Zaretsky notes that enlightenment thinkers believed that that reason could discover universally valid rational conclusions. As he states “[f]or the enlightenment,

autonomy meant the ability to rise above “merely” private, sensory, and passive or receptive propensities of the mind in order to reach universally valid rational conclusions.”2 Now what was meant by rational is consistent non contradictory conclusions in agreement with Aristotelian logic. Freud in fact argues, in places that Aristotelian logic, is not the right tool to be used to investigate the mind. In this regard Freud transcends his time by undermining the whole enlightenment faith in Aristotelian logic and reason.

From Aristotle to the Stoics to Medieval philosophy through the Renaissance to Frege and modern times, philosophers have been logico-centric in their endeavors to formulate principles of valid argument.3 Again from Aristotle to the Stoics to Medieval philosophy through the Renaissance to modern times the laws of Aristotelian logic have been the tools by which ‘science’ has investigated reality.4 One strand of Freud we will see believes this enlightenment notion. Beginning with Bacon, philosophers have tried to lay out the method of science, the principles by which scientific arguments were framed and the principles upon which reality was investigated. Prior to quantum mechanics, those laws were comprised of Aristotelian logic. Thus we see that at least since Aristotle the laws of logic have been regarded as
E, Zaretsky, Secrets of the Soul, A, Knopf, 2004 , p.17. See W. Kneale & M. Kneale, The Development of Logic, Oxford, 1978 . 4 In modern times the investigation of reality has involved the use of other logics because Aristotelian logic was found not to be adequate. Such logics are quantum logic in quantum mechanics and inutitionist logic in mathematics.
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being epistemic principles in regard to what is a valid argument and in regard to how reality is to be investigated. It is in terms of these laws of Aristotelian logic that principles of inference, as well as other logics or rationalities are accessed.

In modern times, as Kneale points out, philosophers such as “… Boole and Frege, like Leibniz before them, presented logic as a system of principles which allow for valid inference in all kinds of subject-matter … also the greatest logicians of modern times have taken … as the central theme … the classifying and articulating the principles of formally valid inference.”5 According to Frege the laws of logic were not the laws of nature, but the laws of the laws of nature.6 In this regard Aristotelian logic is regarded as the science of sciences–a view Kneale claims Frege advocated. Now though there have been advances in principles of inference, in syllogistic logic, symbolic logic, and predicative logic, all the arguments used to support these logics cannot violate the laws of Aristotelian logic. There are non-Aristotelian logics but the arguments which support these logics are framed in terms of the laws of Aristotelian logic. Now one stand of Freud subscribes to this logic-centric view of ‘truth’ where the laws of Aristotelian logic are the criteria of what is ‘true’ and the arbitrators of ‘truth.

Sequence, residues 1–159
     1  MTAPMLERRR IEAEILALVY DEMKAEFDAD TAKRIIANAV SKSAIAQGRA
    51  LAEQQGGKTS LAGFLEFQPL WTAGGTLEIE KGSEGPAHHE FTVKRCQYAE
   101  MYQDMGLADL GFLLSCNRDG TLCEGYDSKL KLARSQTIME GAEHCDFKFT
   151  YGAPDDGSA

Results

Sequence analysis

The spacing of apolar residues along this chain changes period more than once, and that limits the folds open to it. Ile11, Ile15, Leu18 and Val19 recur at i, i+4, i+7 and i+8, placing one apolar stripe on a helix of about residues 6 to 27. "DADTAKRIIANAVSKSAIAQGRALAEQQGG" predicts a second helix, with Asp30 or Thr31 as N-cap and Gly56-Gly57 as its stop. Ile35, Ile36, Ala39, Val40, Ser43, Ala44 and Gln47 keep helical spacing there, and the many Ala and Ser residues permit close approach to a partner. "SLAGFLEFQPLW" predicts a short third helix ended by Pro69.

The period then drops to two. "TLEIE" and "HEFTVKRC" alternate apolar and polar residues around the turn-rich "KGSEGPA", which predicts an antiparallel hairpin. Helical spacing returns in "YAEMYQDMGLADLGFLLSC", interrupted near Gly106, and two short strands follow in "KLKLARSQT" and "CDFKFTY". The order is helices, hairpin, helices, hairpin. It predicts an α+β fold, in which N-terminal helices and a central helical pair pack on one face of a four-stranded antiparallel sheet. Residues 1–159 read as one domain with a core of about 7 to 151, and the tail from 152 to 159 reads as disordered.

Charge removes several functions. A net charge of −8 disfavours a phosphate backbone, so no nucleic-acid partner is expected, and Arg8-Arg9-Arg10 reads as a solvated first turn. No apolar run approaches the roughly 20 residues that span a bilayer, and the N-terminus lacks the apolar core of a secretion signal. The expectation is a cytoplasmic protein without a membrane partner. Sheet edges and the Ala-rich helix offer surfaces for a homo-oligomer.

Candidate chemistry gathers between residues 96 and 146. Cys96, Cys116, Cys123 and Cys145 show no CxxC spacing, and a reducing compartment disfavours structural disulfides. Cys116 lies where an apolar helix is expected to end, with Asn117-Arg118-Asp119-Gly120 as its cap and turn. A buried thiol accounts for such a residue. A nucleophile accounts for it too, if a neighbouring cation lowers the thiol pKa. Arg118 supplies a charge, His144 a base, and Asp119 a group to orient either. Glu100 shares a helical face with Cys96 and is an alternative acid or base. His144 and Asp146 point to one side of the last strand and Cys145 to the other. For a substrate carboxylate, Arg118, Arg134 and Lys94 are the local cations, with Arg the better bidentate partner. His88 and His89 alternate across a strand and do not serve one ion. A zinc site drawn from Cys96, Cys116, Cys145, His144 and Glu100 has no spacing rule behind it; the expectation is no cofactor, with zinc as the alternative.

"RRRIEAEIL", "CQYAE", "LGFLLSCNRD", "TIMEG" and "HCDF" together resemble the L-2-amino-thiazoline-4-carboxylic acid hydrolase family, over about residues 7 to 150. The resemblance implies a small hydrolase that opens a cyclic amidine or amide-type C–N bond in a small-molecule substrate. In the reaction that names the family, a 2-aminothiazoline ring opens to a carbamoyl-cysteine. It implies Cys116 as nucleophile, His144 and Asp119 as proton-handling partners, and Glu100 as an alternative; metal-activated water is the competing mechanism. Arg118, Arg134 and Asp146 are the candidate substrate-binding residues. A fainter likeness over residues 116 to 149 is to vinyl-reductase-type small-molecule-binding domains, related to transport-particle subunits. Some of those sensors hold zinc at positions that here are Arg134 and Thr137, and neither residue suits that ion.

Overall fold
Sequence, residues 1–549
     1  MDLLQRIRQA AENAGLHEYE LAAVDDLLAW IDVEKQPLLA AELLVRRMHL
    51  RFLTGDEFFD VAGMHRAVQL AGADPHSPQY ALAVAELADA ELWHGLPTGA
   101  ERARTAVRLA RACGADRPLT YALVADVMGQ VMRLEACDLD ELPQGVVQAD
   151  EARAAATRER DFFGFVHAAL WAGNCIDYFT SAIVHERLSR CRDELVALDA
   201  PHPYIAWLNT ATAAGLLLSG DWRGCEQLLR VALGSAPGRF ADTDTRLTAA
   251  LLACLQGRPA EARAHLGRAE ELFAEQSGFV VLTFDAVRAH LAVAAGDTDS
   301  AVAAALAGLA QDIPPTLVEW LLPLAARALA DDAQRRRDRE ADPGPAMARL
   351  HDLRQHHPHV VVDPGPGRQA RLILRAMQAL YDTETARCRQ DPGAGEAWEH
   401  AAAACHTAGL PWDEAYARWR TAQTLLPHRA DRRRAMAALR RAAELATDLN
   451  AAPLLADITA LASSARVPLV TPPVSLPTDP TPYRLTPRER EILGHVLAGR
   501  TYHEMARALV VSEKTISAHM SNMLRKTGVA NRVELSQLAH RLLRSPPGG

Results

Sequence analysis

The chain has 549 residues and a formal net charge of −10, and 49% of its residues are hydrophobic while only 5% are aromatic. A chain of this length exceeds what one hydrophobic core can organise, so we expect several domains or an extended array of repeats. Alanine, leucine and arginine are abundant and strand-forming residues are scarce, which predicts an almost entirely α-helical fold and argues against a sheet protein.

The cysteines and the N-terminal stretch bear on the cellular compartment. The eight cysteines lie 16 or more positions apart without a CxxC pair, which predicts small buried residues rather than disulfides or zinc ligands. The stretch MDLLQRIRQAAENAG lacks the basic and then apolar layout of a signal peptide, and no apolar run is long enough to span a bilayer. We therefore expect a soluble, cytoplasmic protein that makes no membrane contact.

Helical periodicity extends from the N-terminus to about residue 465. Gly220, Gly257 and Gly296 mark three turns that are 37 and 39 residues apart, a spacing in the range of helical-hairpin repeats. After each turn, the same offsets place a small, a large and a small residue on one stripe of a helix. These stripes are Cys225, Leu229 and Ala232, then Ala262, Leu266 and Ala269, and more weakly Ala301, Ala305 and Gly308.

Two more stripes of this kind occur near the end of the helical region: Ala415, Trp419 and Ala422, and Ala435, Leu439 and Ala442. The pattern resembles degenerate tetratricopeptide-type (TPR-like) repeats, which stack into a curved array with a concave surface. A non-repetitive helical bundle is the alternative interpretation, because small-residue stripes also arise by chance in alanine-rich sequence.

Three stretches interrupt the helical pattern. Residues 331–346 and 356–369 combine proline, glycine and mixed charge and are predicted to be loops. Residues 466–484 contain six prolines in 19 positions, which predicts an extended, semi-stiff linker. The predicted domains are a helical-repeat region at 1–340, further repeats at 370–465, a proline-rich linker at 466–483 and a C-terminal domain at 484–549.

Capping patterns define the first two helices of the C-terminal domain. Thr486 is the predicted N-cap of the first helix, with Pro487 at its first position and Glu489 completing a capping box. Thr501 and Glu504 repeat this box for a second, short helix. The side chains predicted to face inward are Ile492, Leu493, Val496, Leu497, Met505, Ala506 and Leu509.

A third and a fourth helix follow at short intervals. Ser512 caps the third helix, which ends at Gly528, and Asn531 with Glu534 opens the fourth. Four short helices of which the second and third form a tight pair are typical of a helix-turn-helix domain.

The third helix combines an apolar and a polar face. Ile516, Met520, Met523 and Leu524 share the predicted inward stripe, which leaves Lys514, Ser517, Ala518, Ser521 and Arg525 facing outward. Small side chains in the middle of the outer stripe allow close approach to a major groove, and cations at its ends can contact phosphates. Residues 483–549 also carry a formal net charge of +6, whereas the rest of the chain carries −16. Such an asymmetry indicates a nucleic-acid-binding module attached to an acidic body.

Freud conceived of science as a construction that answered all questions and left no question unanswered. Freud referred to this all encompassing world view as a

Weltanschauung. As Freud states “ … a Weltanschauung is an intellectual construction which solves all problems of our existence uniformly on the basis of one
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W. Kneale & M. Kneale, op. cit., p.739. ibid., p.739.

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overriding hypothesis, which, accordingly leaves no question unanswered and in which everything that interests us finds its fixed place.”7 Science according to Freud was this world view or Weltanschauung. This world view of science meant that humans had to submit to the ‘truth’ as reveled by science. As science was the paradigm which gave man access to ‘truth’. Science dissolved illusions and was focused upon the real external world . Freud claimed that “[a] Weltanschauung erected upon science has, apart from its emphasis on the real external world, mainly negative straits, such as submission to the truth and rejection of illusions.”8 For Freud scientific thinking is a correspondence with reality.9 Freud believed this as he states in 1933: “scientific thinking does not differ in its nature from the normal activity of thought [but] it carefully avoids individual factors and effective influences … its endeavor to arrive at correspondence with reality – that is to say with what exists outside us and independently of us … This correspondence with the real external world we call “truth”.”10 Now Freud in tune with the enlightenments notions of science and reasoning believed that these two together represented the highest strengths possessed by humans. For Freud “ [r]eason and Science, [were] the highest strength possessed by man.”11 Science and reason gave man the ability to find ‘truth’ and dispel error or illusion. Science and reason allowed man to find ‘truths’ that in effect corresponded to what was real in the external world.

Freud was an empiricist. Freud believed that science was based upon observation of the external world. Psychoanalysis being, a science, had to solve its problems step by